Library Staff Review
F. Scott Fitzgerald's classic, The Great Gatsby, tells the tragic tale of Jay Gatsby as seen through the eyes of transplanted Midwesterner, Nick Carraway. Nick moves to New Egg (read this to be Long Island) during the time of flappers and Prohibition. He is fascinated by Jay Gatsby, his well-to-do neighbor with a mysterious past. Nick receives an invitation to attend a party at Gatsby's elaborate estate and eventually meets the elusive Gatsby. Nick gets pulled into the relationship of Gatsby with Nick's cousin, the lovely Daisy Buchanan. This ill-fated liaison is at the heart of the story.
I didn't find any of the characters to be sympathetic; in fact they are the type of people whom others might wish ill. Don't let that discourage you from reading The Great Gatsby. Whether you view The Great Gatsby as the glorification of the Jazz Age or as an indictment of the shallowness and cynicism of the 1920's, one thing is certain. It is a pleasure to read the lyrical prose of F. Scott Fitzgerald.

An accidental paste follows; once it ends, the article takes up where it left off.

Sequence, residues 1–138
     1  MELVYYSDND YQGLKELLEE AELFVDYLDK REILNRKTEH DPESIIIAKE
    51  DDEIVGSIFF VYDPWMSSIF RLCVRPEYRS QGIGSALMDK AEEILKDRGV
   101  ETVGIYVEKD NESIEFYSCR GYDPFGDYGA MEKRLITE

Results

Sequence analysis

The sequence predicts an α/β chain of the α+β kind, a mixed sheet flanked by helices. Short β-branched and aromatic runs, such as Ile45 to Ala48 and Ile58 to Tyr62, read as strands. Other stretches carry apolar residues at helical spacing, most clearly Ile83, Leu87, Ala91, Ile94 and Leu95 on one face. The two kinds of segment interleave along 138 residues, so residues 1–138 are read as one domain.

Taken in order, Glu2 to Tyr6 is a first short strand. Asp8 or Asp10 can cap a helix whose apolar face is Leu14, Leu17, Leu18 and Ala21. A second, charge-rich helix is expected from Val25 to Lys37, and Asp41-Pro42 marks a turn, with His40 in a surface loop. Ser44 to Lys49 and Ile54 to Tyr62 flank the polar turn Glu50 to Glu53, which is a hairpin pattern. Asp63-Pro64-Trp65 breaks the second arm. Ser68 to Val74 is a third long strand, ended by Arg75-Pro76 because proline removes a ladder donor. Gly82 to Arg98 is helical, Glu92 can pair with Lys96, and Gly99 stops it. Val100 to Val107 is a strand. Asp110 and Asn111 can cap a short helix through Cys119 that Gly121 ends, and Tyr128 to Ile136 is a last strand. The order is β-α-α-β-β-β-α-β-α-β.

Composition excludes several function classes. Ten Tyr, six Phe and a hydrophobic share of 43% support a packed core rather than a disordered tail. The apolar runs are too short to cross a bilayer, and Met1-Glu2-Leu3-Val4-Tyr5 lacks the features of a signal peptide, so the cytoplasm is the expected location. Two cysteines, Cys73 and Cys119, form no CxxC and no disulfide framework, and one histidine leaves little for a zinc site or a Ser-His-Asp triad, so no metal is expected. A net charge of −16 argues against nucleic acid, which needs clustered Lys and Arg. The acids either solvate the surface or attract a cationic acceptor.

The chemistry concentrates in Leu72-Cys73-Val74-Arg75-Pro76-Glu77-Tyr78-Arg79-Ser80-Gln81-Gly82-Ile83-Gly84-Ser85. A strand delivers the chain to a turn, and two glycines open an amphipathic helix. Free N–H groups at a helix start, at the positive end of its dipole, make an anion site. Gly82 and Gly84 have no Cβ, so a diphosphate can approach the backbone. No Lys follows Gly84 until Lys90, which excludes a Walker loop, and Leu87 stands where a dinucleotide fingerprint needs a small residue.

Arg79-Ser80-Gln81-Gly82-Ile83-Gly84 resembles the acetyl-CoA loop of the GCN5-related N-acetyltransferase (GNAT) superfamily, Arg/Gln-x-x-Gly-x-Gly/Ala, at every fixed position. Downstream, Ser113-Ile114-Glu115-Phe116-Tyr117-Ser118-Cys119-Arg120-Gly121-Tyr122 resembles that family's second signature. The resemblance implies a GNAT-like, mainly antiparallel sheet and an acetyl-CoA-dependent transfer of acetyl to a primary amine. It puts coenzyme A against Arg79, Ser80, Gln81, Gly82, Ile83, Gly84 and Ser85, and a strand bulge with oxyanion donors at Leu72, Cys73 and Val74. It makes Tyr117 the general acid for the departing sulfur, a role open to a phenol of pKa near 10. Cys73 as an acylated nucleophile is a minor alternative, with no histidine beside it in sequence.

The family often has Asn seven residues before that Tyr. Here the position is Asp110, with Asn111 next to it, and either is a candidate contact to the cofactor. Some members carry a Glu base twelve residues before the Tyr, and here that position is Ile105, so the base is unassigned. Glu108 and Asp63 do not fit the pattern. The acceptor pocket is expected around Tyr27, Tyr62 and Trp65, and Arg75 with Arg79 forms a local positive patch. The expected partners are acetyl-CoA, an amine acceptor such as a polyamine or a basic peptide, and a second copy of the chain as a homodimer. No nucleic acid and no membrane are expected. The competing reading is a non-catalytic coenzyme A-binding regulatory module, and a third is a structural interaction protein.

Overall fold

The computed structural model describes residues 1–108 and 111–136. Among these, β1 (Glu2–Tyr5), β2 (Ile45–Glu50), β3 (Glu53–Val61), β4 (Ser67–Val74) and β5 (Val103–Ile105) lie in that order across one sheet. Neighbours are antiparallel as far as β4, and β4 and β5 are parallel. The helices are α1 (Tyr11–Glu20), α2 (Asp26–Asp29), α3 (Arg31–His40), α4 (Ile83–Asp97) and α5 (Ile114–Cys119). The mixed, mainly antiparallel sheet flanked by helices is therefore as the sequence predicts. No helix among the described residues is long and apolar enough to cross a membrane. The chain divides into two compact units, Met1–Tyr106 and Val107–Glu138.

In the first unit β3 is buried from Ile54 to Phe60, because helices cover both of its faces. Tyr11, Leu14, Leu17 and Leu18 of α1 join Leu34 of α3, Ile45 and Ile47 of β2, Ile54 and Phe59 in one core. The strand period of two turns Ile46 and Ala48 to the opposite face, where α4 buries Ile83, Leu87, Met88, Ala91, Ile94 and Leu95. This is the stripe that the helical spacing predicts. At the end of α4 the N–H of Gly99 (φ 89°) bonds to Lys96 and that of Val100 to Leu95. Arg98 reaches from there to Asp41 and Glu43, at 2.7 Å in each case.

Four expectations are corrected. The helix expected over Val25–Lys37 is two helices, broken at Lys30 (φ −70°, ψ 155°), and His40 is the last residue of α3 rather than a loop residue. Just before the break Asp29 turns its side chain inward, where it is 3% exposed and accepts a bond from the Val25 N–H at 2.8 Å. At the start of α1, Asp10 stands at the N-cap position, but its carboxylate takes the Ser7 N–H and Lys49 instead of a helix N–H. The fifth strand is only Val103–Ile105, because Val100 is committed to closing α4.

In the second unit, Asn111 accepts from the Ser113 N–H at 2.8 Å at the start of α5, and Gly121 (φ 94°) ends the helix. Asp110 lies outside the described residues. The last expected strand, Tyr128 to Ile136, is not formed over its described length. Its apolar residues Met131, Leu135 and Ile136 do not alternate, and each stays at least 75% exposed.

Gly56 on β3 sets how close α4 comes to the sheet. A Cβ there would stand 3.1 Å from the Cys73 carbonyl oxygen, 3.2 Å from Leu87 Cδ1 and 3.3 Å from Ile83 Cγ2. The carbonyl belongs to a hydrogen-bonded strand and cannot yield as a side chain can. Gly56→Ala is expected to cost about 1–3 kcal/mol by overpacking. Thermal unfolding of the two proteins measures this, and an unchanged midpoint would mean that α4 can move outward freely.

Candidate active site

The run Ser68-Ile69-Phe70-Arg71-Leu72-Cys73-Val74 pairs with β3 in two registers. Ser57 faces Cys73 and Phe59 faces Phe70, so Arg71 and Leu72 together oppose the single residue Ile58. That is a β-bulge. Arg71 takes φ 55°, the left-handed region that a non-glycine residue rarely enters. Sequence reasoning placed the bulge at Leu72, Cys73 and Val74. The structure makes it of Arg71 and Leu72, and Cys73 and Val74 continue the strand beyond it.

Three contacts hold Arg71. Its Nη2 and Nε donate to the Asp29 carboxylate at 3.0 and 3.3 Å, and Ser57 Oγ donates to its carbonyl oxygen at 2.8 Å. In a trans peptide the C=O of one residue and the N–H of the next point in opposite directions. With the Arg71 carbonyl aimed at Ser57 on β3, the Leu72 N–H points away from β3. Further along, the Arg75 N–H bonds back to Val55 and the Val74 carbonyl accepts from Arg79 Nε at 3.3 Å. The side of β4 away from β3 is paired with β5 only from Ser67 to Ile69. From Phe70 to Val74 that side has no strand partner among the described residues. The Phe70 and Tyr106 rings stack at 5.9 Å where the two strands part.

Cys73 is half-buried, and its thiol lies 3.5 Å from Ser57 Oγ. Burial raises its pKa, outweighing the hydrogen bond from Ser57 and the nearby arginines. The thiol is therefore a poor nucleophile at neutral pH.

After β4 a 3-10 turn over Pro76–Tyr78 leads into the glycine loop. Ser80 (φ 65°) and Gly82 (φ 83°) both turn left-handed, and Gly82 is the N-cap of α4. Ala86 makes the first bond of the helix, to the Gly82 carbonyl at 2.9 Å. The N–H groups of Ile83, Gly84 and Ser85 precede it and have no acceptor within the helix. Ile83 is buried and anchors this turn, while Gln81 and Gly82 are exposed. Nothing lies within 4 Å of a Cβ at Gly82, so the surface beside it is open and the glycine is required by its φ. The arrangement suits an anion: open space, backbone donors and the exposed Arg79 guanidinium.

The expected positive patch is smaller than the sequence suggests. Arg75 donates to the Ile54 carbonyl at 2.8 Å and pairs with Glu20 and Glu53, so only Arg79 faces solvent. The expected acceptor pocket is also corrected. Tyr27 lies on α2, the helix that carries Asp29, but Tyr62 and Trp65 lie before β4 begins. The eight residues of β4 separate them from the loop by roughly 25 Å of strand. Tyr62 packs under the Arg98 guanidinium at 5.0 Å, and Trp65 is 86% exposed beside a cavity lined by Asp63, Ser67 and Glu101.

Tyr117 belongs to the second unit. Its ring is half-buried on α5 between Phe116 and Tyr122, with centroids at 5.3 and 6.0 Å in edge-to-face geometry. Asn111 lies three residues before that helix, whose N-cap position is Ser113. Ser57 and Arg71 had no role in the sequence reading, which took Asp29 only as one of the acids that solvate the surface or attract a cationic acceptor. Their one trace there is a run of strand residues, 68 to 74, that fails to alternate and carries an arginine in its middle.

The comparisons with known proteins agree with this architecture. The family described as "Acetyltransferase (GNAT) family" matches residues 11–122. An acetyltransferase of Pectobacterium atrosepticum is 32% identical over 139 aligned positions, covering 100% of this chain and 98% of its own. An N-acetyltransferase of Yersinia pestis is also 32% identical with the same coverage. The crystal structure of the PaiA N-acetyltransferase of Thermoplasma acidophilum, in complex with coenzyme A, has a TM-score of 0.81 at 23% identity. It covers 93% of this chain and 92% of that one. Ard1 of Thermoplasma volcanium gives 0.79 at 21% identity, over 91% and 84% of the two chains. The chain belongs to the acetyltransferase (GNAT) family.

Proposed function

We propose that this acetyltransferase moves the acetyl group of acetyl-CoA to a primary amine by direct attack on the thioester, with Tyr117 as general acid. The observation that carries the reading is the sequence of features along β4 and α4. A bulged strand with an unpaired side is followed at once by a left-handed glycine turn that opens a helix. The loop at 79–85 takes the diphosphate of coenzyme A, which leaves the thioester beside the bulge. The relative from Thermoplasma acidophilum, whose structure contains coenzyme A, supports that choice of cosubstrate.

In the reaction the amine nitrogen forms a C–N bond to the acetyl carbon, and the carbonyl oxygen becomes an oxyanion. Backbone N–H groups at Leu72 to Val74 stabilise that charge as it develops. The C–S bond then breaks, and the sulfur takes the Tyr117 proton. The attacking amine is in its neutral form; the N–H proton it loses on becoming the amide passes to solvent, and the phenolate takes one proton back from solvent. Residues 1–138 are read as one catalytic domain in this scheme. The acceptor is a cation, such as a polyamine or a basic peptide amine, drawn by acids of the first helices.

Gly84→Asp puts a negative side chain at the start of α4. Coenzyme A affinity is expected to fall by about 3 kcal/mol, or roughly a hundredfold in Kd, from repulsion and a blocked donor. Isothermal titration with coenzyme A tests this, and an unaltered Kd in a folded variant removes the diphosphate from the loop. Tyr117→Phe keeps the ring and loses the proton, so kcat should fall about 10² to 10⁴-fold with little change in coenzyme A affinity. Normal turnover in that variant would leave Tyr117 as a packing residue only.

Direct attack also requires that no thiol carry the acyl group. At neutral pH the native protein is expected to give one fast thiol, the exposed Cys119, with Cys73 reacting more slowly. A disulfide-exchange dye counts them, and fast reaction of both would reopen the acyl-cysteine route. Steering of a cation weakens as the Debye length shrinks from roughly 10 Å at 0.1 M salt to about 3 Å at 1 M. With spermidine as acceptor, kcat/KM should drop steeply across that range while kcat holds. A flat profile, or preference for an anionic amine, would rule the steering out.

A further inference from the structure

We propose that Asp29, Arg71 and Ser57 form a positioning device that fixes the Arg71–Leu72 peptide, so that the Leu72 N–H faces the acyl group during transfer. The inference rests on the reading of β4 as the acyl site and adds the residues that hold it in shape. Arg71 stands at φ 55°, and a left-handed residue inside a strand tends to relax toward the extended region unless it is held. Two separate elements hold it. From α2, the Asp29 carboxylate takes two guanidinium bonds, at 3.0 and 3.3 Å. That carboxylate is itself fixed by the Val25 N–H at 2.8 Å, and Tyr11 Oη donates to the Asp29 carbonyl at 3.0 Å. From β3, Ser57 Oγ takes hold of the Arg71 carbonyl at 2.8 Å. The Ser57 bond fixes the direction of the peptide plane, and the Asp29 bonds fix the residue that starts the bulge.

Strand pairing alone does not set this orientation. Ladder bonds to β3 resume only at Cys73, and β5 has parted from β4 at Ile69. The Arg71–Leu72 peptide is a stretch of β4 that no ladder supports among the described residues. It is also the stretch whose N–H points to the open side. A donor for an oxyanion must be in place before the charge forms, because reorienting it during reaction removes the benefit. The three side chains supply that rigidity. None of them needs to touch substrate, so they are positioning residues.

The Great Gatsby is the focus of the National Endowment for the Arts national literacy initiative "The Big Read" this year. A wide assortment of free activities - antique car shows, film showings, talks on 1920s Buffalo, and Charleston dance parties, among others -- relating to Gatsby and the flamboyant era of the 1920s is underway to mid-November across the Buffalo & Erie County Public Library System - complete information is available at the BECPL site.